Aug 17 · 4 min read · share w/
TL;DR — Gradement helps the investor by systematizing the fundamental analysis of public companies. We reduce all the complexities of accounting, and all the information noise that today floods investors, to a series of normalized and easy to use ratings covering 21 important aspects of every company financials.
* Courtyard of one of the first Stock Exchanges. Amsterdam, circa 1670.
Investing is not an easy task. Don't believe anyone who tells you that with a couple of courses and books you get to know everything you need to know to start investing. Investment is a complex discipline that still lacks a sound theoretical framework. Gradement helps you in this difficult task of investing by systematizing the fundamental analysis of companies.
There are three fundamental aspects of investing to be analyzed for each company: its profitability, solvency and price. Gradement automates the calculation of these three important variables using what we consider to be the best and state-of-the-art accounting analysis techniques available. All within the frameworks of Value-Investing (mainly for calculating the price fairness rating) and the Austrian School of Economics (for calculating the proxy for the natural rate of interest).
Despite all the complexity involved in the calculation of these ratings, their use is extremely simple. All the resulting values have been normalized between 0 and 10.
For example, suppose a company with the following rating values in these categories:
This is a recurring pattern: very profitable and very solvent companies usually are very expensive. Everyone wants to have profitable and solvent companies in their portfolio, which increases their demand on the stock market and increases their market capitalization.
The best companies to invest in will be those that offer high rating values in all these three categories. In bull markets you will find fewer of these companies to invest. In bear markets it will be easier to find them. Gradement offers you a screener tool to search for such companies.
In order to facilitate the analysis, the Gradement rating unifies in a single number the value of these three fundamental ratings of profitability, solvency and price. The value of this rating has been calculated to be extremely conservative. It will only be investment grade (rating greater than 8) if all the other ratings of each of the other categories are above a certain threshold.
This way you can be sure that, by limiting your investment to high-value Gradement rating stocks, you will be investing in great companies from a quantitative point of view.
The risk of insolvency is perhaps the factor that most drastically, and suddenly, affects the quoted stock price. You can minimize the probability of investing in companies with insolvency risk by using our solvency rating.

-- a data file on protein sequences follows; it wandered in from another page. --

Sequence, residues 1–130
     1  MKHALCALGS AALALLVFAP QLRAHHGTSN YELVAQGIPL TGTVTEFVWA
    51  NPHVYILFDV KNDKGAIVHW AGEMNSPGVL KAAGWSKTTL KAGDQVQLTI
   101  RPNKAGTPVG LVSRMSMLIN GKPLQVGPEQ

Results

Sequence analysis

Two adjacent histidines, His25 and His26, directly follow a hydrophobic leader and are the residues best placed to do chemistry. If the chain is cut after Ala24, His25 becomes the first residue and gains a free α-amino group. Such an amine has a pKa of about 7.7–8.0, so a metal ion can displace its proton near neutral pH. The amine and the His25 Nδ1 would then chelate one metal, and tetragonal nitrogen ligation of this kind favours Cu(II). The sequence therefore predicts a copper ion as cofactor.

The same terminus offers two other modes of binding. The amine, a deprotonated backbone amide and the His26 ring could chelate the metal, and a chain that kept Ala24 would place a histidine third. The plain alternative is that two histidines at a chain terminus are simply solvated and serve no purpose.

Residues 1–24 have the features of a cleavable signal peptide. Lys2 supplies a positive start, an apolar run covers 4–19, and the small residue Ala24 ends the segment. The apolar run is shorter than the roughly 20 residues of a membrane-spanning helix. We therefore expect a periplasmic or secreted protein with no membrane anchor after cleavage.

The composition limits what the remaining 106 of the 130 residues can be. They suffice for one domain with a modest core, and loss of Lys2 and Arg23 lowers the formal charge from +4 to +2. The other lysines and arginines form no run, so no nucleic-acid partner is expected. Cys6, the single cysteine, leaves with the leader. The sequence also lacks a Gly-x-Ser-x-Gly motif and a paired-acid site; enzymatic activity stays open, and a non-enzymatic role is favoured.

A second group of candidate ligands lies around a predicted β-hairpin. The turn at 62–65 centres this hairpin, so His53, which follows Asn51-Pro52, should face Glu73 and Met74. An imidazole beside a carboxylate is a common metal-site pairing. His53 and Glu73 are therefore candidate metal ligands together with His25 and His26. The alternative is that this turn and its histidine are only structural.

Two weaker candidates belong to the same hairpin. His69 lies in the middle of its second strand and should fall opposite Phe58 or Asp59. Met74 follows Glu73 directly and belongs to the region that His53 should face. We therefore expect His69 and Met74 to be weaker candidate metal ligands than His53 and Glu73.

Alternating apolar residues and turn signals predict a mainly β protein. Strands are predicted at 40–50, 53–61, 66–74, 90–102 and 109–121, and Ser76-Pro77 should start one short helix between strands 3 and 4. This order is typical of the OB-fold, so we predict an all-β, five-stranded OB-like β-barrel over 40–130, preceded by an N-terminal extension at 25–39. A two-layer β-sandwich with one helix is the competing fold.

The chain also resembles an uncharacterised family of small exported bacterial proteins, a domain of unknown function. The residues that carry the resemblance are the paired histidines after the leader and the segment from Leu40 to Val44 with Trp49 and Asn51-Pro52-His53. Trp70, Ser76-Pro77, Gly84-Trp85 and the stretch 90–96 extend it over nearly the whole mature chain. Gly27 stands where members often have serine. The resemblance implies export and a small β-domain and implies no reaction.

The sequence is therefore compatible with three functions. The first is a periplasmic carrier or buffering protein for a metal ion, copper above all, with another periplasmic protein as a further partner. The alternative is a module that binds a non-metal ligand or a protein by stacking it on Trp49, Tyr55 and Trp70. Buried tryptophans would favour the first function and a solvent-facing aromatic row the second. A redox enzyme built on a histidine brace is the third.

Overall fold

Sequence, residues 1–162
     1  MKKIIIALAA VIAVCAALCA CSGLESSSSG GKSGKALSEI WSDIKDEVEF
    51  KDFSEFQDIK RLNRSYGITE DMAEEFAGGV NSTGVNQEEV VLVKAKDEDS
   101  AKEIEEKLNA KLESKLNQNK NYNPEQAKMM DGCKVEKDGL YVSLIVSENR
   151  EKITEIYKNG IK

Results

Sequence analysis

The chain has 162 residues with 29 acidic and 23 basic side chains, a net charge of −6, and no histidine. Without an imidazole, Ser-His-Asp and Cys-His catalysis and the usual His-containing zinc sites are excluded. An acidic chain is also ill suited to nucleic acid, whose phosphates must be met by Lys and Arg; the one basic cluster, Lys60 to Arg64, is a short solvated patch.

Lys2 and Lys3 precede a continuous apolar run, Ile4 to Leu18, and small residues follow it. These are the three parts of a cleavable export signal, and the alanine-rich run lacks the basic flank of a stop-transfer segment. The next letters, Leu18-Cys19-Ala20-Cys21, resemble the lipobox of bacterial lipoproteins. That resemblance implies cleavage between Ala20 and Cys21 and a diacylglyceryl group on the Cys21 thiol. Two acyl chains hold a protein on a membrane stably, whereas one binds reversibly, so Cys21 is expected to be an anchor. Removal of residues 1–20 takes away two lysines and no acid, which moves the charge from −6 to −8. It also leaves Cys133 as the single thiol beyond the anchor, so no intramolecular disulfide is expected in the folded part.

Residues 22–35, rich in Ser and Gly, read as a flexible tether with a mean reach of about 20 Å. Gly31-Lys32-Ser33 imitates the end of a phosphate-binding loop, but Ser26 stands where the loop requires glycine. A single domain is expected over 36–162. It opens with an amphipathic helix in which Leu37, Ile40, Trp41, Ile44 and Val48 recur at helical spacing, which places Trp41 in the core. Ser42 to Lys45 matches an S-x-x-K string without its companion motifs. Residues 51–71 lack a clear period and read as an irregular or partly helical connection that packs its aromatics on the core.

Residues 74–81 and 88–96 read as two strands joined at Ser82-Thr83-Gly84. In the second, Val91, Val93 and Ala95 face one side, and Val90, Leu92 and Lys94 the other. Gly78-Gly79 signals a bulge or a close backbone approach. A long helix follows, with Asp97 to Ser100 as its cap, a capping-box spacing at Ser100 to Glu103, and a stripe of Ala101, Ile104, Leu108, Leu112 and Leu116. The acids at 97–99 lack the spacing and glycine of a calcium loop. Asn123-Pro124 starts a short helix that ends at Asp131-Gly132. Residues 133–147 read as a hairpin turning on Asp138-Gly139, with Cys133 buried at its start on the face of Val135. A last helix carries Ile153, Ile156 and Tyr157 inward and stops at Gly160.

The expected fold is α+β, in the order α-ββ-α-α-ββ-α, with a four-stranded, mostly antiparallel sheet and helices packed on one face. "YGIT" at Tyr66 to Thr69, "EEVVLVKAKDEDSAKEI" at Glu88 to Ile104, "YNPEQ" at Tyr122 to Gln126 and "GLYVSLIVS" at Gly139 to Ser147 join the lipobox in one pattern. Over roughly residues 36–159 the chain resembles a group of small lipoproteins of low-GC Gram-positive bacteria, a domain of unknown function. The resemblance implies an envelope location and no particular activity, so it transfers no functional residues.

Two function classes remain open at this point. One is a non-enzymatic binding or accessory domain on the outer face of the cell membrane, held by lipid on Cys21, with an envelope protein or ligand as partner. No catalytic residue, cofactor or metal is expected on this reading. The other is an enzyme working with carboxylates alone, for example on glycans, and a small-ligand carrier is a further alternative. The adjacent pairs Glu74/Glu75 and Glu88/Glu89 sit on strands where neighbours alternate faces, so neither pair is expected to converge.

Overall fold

Using this rating you can avoid investments in companies like Eastman Kodak, that filed for bankruptcy in 2012, or General Motors, that filed for chapter 11 in 2009. Since 2009 for Kodak and 2008 for General Motors, our solvency rating for both companies indicated a value of zero. Long before it became public and evident their insolvency.
In addition to the four ratings described above, Gradement calculates twenty-one additional ratings per company. These ratings are modified versions of already existing state-of-the-art accounting analysis techniques in different categories:
To manually compute all these ratings for a single company requires time. Gradement automatizes this process for you.
According to GAAP/IFRS accounting standards, the financial statements must present a true and fair view of the company. These financial statements are aimed at a heterogeneous public: future investors, partners, administrators, regulators, clients, suppliers, among others.
Using this GAAP/IFRS statements as a starting point, Gradement generates four new types of financial statements specially oriented to make investment decisions. These non-standard financial statements are:
Current accounting standards allow the definition of certain accounting parameters (amortization periods, provisions, cost calculations,... ) that make the net profit figure as shown in the income statement depend on certain decisions of the company directors, which opens the possibility, in exceptional cases, to accounting manipulations.
The cash flow figure is not subject to so much arbitrariness, so the free cash flow statement is a much more powerful and reliable tool for analyzing the company's earning power than the profit and loss statement.
The guides provide further information on all the ratings and financial statements offered by Gradement to help you with the quantitative part of your investment decision making.
Hope you like it and happy investing...